America now has her second Ebola victim, a nurse who contracted the disease from Liberian Thomas Eric Duncan despite having protective gear. What does this say about the government's ability to protect Americans? And what does the fact that Washington won't ban travelers from Ebola-affected nations say about its will to do so?
Are Barack Obama and other open-border advocates playing Ebola roulette with American lives in the name of ideology?
A California healthcare department has ruled that all health insurance policies in the state must cover abortion, even if the individual or employer paying for the coverage objects.
With a physician shortage already posing a problem for insured Americans, ObamaCare's significantly reduced payments to physicians will only serve to exacerbate that dilemma.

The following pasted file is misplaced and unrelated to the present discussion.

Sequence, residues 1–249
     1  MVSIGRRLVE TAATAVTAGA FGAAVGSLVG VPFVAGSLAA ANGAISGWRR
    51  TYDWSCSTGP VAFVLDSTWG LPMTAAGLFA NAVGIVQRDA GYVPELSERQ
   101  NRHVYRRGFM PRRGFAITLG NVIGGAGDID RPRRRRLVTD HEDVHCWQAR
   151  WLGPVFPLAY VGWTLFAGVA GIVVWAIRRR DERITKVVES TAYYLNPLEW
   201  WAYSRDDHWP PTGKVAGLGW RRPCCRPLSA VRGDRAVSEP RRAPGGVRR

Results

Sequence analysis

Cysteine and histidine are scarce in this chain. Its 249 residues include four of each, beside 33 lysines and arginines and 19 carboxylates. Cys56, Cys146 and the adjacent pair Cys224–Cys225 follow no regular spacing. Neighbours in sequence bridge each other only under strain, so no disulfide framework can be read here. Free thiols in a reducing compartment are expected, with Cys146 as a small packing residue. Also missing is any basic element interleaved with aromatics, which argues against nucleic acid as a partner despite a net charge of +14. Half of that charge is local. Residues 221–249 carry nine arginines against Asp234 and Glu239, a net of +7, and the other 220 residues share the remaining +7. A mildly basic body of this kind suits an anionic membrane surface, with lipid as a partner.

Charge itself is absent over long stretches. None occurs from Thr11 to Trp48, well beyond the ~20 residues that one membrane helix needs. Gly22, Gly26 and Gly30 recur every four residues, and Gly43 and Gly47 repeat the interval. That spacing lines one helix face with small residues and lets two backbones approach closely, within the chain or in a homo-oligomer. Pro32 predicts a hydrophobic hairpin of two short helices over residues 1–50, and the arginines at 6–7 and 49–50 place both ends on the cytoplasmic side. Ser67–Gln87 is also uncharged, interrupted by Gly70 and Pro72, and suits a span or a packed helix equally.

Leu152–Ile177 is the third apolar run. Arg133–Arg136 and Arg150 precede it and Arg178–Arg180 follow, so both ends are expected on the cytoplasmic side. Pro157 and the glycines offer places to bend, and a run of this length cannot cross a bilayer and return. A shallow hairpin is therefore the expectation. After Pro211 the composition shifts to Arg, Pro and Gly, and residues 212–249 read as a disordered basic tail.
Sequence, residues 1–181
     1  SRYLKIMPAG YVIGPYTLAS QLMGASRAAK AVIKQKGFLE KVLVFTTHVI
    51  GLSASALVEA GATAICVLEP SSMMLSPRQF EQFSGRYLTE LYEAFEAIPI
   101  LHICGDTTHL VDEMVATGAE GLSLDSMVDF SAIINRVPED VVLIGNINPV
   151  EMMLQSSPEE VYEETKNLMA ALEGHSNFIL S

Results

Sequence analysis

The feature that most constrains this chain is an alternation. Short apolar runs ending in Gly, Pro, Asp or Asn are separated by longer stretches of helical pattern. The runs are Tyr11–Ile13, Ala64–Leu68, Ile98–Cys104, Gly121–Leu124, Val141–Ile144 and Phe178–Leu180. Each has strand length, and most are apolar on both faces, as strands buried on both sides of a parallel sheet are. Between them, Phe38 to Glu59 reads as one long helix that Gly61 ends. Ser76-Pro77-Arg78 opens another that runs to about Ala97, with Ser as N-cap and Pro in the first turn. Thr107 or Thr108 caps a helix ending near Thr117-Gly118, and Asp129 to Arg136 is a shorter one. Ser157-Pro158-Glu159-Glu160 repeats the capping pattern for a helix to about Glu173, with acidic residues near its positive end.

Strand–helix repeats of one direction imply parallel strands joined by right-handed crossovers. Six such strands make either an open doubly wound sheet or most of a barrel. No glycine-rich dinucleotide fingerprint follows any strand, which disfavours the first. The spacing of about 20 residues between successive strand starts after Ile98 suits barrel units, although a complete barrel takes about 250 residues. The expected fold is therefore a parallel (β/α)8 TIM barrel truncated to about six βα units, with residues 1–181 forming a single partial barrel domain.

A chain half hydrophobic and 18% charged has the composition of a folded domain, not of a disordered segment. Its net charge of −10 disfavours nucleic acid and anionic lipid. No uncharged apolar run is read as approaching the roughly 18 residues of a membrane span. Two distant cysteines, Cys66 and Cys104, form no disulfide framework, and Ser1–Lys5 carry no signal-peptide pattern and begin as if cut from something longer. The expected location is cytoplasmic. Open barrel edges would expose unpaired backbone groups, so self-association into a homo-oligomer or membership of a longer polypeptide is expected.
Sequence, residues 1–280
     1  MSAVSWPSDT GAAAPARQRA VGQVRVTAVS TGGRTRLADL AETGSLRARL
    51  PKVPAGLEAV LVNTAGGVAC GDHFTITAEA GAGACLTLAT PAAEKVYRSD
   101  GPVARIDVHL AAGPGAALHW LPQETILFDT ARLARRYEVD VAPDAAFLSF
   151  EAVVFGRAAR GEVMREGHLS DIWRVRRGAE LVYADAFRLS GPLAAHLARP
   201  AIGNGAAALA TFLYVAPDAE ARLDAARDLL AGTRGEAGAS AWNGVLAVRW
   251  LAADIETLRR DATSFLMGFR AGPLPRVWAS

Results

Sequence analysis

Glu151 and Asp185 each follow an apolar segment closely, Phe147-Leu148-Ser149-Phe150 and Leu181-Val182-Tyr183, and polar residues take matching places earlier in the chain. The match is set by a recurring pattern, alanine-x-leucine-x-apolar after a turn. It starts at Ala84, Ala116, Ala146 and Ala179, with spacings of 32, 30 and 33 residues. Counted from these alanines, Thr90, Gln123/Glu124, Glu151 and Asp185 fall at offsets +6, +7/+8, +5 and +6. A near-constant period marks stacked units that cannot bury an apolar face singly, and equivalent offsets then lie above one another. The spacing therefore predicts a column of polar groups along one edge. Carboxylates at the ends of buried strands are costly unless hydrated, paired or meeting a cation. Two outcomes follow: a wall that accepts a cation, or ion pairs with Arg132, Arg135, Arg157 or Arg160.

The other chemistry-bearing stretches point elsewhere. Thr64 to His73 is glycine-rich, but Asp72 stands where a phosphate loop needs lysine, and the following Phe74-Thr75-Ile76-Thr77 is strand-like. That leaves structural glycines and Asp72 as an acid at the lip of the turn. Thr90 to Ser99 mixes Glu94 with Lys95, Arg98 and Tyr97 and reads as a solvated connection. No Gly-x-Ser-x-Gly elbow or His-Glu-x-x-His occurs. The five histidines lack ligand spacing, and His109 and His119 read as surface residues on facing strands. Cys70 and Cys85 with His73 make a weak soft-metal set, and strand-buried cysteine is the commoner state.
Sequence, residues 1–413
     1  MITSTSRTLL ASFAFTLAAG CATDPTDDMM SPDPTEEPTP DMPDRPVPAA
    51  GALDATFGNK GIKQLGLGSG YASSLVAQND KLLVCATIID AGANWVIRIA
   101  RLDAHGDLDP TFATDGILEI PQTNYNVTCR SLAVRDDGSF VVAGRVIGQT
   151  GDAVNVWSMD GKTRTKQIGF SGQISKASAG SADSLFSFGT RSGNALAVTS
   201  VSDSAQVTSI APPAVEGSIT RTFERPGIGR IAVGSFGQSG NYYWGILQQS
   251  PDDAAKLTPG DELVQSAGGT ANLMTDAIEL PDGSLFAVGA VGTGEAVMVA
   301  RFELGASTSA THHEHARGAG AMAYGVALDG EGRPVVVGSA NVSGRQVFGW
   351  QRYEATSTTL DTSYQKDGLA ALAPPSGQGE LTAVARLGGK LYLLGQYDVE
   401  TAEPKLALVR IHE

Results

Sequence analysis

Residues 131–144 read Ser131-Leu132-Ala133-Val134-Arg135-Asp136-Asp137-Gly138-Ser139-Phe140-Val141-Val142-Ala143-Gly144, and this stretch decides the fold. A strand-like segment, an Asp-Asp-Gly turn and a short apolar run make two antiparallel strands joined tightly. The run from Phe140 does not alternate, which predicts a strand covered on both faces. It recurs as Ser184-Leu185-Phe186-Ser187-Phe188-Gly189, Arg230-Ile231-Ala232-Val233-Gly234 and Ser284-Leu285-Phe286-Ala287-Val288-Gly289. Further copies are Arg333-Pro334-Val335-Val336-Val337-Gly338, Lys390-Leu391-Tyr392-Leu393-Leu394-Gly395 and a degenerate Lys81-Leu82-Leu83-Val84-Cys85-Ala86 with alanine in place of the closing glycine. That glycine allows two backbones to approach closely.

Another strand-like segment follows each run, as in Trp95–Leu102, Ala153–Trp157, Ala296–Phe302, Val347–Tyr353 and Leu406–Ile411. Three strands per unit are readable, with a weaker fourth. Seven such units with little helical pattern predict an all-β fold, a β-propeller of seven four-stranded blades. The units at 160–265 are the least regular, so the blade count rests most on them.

In a new analysis of hundreds of previous studies, scientists from Queen Mary University of London recently concluded that if people between the ages of 50 and 65 were to take a low dose of aspirin daily, they could prevent up to one third of cancers of the bowel, throat, and stomach, and cut the risk of dying in half, in some cases.
With estimates suggesting more than 800 people have died from the ongoing Ebola outbreak sweeping across West Africa, concerns are spreading in the United States about how federal and state authorities would react if — or when — a life-threatening virus such as Ebola begins spreading domestically. The United Nations World Health Organization (WHO) is also making waves with its controversial global preparations.